EU law lacking when it comes IT and cyber protection
A lack of legal liability protection is providing opportunities for cyber criminals to break down secure networks.
Speaking at Marsh’s cyber security update this week, London law firm Speechly Bircham partner and head of technology and intellectual property Alexander Carter-Silk said the lack of legal protection means criminals enjoy too much freedom, allowing them to develop their hacking skills.
The need for greater legal protection has created a bustling cyber security marketplace yet hackers are far from deterred by new and ubiquitous security solutions. Instead “they take it on as a challenge”, Carter-Silk said.
He added that the looming EU cyber security directive that imposes security obligations on critical infrastructure and important systems does little to punish the perpetrators.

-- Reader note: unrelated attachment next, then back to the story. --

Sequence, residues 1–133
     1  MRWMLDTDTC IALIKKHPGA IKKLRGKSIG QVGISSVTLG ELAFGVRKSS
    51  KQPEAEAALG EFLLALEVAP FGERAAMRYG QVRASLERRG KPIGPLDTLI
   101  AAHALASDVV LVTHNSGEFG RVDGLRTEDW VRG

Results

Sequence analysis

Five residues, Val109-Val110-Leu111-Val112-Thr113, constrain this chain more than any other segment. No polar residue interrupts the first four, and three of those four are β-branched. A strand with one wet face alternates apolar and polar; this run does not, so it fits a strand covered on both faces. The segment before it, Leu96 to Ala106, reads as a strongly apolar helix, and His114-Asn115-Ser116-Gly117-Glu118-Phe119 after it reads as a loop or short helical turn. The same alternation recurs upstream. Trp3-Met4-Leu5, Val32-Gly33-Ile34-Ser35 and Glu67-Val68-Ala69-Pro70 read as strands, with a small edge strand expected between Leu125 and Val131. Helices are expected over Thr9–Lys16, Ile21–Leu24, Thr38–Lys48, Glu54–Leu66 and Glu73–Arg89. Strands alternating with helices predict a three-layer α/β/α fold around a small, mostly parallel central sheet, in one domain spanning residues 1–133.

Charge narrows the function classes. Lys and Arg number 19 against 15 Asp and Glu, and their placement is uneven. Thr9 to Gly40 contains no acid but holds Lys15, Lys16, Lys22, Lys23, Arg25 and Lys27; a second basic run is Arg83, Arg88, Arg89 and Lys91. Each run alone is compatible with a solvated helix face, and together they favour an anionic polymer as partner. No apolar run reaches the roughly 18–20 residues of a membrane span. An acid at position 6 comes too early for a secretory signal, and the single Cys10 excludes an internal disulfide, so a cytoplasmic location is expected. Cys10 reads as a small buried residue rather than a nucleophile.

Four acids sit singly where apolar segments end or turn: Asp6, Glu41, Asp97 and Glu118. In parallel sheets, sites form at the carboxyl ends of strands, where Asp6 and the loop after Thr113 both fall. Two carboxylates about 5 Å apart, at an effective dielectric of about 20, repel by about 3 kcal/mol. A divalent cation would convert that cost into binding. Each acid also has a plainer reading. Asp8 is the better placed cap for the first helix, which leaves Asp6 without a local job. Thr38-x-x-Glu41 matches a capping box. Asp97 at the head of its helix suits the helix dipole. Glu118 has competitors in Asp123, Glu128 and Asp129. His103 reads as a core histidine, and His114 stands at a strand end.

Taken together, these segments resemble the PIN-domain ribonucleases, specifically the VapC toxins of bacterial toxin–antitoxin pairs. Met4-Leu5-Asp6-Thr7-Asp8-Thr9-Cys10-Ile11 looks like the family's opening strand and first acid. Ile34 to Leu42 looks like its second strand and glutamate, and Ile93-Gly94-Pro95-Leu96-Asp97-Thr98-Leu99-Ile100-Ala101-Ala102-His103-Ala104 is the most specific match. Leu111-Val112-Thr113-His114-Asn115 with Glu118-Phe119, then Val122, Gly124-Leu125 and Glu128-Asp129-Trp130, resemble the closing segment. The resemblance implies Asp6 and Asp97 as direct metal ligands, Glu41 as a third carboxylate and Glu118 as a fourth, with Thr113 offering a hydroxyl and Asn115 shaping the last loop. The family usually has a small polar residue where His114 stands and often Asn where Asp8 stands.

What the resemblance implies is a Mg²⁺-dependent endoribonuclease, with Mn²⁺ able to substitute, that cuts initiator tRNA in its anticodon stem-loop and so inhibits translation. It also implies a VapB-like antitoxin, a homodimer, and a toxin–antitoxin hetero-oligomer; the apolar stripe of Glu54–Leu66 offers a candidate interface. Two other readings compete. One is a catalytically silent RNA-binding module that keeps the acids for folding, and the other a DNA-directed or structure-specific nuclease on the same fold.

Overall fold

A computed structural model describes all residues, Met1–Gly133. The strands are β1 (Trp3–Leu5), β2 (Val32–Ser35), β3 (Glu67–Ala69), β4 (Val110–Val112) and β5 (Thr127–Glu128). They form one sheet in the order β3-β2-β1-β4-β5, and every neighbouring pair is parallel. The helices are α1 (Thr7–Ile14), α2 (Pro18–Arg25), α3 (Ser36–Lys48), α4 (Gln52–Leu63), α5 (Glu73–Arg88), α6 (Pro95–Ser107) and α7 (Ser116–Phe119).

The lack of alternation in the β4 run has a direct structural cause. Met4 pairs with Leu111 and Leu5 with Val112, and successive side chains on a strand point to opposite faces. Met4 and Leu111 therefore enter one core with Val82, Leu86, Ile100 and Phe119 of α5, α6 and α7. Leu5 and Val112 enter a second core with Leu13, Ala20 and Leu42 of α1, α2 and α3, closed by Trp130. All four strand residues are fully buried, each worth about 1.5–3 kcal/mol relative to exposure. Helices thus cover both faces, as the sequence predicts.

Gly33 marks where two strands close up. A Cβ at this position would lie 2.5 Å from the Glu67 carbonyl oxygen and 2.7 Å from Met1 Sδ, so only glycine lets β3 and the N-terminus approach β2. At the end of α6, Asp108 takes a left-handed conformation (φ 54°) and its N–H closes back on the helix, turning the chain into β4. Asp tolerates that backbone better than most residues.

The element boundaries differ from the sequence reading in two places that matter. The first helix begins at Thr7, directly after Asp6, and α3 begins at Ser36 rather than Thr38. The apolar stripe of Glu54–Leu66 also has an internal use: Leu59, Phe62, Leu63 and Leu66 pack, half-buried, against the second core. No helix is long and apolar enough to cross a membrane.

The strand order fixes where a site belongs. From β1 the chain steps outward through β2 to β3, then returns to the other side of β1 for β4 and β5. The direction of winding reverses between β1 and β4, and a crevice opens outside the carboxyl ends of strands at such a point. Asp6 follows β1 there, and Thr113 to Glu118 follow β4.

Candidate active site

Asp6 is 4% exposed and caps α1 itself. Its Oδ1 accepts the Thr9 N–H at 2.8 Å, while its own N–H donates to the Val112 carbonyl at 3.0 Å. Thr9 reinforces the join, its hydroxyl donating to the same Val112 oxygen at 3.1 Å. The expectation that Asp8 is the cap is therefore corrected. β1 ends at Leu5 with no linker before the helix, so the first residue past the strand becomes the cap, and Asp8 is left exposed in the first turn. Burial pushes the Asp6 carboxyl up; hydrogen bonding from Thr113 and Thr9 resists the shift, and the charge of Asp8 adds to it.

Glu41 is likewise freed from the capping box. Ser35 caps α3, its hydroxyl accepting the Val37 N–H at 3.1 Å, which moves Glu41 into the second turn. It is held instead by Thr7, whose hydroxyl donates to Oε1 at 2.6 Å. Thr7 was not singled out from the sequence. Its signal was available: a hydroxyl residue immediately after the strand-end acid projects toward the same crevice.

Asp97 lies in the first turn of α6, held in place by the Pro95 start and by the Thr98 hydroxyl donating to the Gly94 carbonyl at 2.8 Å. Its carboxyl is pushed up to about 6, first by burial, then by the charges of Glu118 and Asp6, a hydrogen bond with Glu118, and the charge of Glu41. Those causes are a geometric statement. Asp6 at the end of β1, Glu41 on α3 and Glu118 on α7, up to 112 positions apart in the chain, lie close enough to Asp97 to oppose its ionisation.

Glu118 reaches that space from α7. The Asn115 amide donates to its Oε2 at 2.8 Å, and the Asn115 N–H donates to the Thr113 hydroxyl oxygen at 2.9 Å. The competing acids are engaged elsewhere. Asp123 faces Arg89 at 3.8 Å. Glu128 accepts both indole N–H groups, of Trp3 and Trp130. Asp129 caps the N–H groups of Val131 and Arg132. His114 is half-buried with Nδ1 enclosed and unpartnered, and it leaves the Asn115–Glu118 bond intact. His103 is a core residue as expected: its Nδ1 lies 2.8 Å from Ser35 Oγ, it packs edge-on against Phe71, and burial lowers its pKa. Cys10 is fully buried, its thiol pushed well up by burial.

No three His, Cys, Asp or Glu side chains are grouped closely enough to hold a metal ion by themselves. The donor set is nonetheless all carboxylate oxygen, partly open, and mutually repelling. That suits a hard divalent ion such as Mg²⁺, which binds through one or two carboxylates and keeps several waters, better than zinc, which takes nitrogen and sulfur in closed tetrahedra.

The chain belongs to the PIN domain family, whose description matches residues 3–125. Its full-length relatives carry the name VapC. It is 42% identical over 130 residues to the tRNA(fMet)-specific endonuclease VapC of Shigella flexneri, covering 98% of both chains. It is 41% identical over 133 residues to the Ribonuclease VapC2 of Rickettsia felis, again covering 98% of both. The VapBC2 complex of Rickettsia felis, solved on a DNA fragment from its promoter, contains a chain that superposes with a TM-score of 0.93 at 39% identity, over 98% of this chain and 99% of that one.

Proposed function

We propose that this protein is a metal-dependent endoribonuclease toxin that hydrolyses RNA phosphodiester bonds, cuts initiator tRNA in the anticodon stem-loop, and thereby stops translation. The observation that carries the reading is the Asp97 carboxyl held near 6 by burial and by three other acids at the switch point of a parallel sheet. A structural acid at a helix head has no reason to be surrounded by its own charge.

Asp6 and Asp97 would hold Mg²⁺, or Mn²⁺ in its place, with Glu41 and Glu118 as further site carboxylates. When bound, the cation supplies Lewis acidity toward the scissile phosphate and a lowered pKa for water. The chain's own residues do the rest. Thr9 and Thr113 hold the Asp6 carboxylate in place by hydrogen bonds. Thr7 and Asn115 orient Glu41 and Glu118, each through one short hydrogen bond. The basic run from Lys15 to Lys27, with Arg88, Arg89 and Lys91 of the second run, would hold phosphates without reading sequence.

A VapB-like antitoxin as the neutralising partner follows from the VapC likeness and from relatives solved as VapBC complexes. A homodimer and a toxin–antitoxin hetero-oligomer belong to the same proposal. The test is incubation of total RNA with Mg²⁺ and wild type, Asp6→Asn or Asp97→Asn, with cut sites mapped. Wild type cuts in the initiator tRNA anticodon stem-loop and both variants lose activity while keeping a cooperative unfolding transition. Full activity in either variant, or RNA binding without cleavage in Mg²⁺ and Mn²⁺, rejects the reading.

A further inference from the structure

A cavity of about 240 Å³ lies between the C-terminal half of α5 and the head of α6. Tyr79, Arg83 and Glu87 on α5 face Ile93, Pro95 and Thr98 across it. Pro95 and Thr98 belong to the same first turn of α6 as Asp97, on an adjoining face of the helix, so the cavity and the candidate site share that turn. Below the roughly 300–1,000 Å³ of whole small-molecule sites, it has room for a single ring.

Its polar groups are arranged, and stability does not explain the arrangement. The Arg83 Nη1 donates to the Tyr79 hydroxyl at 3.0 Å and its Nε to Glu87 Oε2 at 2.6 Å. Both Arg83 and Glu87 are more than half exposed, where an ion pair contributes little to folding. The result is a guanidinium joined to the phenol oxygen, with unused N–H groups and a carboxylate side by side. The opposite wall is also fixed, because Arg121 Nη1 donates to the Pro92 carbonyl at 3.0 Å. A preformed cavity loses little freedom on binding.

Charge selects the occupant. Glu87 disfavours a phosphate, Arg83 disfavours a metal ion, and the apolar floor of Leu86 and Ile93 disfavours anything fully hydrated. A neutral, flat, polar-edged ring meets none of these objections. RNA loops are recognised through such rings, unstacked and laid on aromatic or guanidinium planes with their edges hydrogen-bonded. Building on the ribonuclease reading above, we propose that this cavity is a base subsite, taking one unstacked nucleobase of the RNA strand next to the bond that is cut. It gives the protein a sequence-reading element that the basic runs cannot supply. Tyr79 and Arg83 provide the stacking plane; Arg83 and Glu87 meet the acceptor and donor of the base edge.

“This is the only area of law where we sanction the victim. We impose data protection laws on everybody that handles data, but where’s the sanction for the guy who’s causing this?”
“There are elements in the legal structure that are incredibly weak. One is the public law response and that we are spending billions on cyber defence, but the more we defend; the more we encourage attacks.”
In addition, some businesses are exploiting the knowledge and expertise of malicious ‘black hat’ hackers to gain a competitive edge over their rivals.
Carter-Silk said: “One of the things I am seeing a lot more of as a lawyer is mercenary attacks, which is when one company pays for an attack to reduce the capacity of a rival company. If you poke around on the dark web you can find the price of a DDoS (distributed denial of server) attack.”